You only have up to 47 lines (4,000 characters including spaces) in which to persuade your chosen initial teacher training (ITT) providers to offer you an interview. The statement must be concise, enthusiastic and sell your potential to be a successful teacher.
For more help and advice on what to write in your teacher training personal statement, please see:
- Personal Statement Editing Services
- Personal Statement Tips From A Teacher
- Analysis Of A Personal Statement
- The 15th January UCAS Deadline: 4 Ways To Avoid Missing It
- Personal Statement FAQs
- Personal Statement Timeline
- 10 Top Personal Statement Writing Tips
- What To Do If You Miss The 15th January UCAS Deadline.
What is a teacher training degree?
Teacher training degrees combine the study of curriculum subjects with learning teaching techniques and putting these into practice during hands-on school placements. The course leads to QTS (qualified teacher status) to enable you to teach in a school or college.
How long is a teacher training course?
To teach in England and Wales you need to gain QTS. You will obtain this on an ITT programme, which could be school or university-based and takes approximately one year to complete.
How do I become a teacher with a degree?
To teach as a qualified teacher in England, you'll need qualified teacher status (QTS). If you already have a degree, you can complete a postgraduate teacher training course to achieve this. Additionally, you'll need to have a GCSE at grade C/4 in maths and English, as well as science if you want to teach primary.
Can I train to be a teacher without a degree?
Unfortunately no - you cannot become a teacher without a degree.
But if you are an undergraduate or have a degree in a different subject than what you want to teach, there are options to help you get into a teaching career.
Will I get paid for teacher training?
There are three types of funding available for teacher training - depending on your circumstances, you could receive all three:
- Tax-free bursary or scholarship.
- Tuition Fee Loan and Maintenance Loan.
- Extra financial support if you're a parent, have an adult dependant or a disability.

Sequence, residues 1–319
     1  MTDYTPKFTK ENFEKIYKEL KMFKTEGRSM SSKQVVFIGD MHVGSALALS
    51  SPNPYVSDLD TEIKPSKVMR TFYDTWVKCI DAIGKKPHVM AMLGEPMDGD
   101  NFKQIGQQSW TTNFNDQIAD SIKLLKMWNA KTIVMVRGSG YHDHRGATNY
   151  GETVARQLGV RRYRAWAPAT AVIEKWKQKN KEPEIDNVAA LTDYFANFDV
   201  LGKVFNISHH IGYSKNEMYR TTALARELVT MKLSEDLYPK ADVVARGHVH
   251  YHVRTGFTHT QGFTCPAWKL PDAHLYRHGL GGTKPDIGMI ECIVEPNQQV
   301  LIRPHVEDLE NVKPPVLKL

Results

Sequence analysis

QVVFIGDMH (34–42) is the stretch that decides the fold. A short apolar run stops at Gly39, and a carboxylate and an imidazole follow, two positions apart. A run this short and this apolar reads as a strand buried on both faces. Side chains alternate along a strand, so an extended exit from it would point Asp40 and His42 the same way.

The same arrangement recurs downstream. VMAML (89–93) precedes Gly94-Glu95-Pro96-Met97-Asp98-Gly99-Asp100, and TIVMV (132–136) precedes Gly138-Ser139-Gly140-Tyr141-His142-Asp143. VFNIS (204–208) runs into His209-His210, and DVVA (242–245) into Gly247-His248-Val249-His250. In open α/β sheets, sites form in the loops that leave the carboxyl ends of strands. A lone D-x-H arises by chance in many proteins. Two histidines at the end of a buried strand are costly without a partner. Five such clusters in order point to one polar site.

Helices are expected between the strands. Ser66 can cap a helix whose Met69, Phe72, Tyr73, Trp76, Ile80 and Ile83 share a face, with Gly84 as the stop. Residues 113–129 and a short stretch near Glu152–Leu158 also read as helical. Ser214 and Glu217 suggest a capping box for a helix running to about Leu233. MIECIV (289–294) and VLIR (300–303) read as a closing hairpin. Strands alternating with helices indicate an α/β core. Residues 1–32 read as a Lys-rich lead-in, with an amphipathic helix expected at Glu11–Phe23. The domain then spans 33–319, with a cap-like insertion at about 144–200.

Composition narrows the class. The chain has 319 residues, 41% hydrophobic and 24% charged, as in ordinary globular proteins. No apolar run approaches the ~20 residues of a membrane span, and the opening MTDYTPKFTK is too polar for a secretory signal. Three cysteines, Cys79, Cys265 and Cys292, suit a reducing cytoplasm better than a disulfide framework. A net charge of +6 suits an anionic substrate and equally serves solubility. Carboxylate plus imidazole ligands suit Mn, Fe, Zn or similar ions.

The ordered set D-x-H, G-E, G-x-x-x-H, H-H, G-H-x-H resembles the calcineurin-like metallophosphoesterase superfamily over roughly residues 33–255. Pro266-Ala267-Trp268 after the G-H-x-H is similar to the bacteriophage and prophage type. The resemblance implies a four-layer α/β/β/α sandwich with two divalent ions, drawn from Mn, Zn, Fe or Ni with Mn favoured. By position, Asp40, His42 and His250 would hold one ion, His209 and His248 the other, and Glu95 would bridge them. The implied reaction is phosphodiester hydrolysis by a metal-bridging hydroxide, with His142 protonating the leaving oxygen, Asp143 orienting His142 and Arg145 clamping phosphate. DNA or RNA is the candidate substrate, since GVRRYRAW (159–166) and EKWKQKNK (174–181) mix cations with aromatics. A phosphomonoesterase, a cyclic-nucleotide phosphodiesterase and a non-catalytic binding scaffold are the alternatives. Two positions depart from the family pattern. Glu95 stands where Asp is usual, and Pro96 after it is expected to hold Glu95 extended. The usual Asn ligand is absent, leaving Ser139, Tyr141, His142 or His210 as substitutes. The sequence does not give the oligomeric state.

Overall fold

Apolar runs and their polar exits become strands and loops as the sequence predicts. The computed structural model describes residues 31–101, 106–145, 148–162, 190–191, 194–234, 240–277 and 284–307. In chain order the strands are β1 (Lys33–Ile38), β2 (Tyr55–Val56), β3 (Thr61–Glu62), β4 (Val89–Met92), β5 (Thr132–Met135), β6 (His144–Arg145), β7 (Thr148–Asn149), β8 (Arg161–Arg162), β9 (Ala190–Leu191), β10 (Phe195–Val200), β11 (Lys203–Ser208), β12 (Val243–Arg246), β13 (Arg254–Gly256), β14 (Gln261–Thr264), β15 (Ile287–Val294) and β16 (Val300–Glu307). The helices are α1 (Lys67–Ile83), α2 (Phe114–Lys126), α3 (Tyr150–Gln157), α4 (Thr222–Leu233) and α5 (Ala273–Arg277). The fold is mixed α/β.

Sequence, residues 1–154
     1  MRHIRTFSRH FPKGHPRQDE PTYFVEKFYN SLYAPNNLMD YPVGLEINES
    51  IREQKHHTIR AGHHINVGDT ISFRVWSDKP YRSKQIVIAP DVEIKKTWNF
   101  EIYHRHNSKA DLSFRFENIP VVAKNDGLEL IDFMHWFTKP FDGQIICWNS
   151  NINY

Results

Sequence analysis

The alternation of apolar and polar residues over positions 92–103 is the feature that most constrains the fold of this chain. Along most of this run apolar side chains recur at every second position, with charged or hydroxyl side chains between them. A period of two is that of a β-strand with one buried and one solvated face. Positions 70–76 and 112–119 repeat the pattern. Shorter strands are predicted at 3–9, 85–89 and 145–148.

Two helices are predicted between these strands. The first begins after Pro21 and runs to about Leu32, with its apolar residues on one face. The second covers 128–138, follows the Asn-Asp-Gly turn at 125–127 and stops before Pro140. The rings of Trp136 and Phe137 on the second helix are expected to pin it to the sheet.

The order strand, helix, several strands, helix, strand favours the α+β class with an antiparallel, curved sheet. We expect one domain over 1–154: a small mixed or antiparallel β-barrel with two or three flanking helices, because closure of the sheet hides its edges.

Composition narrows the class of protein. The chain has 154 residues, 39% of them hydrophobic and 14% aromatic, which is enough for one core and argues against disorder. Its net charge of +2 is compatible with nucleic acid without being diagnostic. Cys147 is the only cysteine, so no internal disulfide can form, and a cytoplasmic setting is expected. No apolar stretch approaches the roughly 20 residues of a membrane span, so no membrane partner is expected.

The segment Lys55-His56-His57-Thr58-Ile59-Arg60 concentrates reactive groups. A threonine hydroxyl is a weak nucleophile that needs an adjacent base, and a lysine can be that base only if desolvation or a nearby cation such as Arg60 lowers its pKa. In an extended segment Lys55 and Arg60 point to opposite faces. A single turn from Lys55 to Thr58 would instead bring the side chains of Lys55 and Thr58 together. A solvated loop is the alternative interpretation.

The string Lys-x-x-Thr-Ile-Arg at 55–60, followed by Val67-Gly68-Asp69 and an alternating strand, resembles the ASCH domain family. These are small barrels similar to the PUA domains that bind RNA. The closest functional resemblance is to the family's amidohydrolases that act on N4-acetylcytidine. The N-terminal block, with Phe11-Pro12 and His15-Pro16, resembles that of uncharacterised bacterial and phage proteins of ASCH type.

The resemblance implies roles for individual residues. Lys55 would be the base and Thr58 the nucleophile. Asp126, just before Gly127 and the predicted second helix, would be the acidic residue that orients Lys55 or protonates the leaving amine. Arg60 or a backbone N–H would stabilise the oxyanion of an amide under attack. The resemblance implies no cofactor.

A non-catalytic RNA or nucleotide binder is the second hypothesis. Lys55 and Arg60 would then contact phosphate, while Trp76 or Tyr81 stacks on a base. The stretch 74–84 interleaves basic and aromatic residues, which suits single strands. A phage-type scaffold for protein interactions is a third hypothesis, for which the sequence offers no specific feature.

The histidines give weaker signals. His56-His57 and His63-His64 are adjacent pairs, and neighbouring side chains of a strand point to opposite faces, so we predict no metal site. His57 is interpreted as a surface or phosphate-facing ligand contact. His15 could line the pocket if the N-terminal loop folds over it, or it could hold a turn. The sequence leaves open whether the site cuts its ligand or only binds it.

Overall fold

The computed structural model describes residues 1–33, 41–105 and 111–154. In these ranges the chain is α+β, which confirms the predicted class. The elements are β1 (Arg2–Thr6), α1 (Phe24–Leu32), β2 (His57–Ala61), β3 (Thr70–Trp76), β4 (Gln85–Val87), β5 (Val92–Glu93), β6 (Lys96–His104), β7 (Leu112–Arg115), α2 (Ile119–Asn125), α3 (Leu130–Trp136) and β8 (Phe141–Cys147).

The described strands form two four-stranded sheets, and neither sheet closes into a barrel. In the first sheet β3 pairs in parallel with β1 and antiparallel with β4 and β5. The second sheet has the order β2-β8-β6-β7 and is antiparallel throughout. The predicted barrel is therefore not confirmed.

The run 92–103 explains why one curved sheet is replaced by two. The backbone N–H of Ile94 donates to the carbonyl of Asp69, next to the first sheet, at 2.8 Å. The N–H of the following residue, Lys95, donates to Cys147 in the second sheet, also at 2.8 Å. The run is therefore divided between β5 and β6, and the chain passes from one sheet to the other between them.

For more tips and advice on teacher training personal statements, please see:
- The Complete University Guide
PGCE Personal Statement
Updated November 24, 2021
A PGCE personal statement is written as part of the application process for teacher training and gives candidates an opportunity to showcase their skills and attributes.
PGCE candidates will only write one personal statement, which is used to apply for all of their preferred choices. Students upload their personal statement to the UCAS Teacher Training system, and it is submitted for all choices in both phases of the application process (‘Apply 1’ and ‘Apply 2’). No changes can be made once it is submitted.
The personal statement is often used as the deciding factor for choosing whom to invite to interview . This piece of writing should explain the experience you have and how this translates into your abilities in the classroom.
It should also present what you might be like as a teacher – how will your personality and interests help engage students and get them enthused about the subject?
A lot is riding on your personal statement and writing it can be a daunting task. This guide will outline what your PGCE personal statement should contain and how to structure it for the best chance of success.
What to Include in Your PGCE Personal Statement
The admissions team will want to know about the skills, experience and personal qualities you have that would make you perfect for a teaching career. They need to see you have the dedication and passion to complete your PGCE and have a successful future.
Simply saying, “I would be good at this role and am well suited to it” isn’t enough. The PGCE provider needs to read real examples that demonstrate your skills and abilities and meet their requirements.
Here are some details you may want to include in your personal statement:
1. About You
A teacher’s personality and personal experience will be highly influential, therefore your own experiences are relevant to your application.
Before you start writing, it’s a good idea to spend a few minutes jotting down some key facts that are relevant to teaching. These might include:
- Your interests
- What motivates you
- Your upbringing
- Relevant skills
Remember to include examples in your list. Coaching a sports team in your spare time suggests you are experienced in motivating young people and getting the best out of them. Maybe you play an instrument and use music in class. Including qualities like these will make your application stand out.
2. Why You Want to Teach
A key element of your application is explaining why you have chosen teaching as your future career. Show an awareness of how teachers can inspire individuals and also the benefits you might see in yourself.
Try to broaden your answer further than simply saying you are passionate about teaching or children. Every applicant will say they are passionate.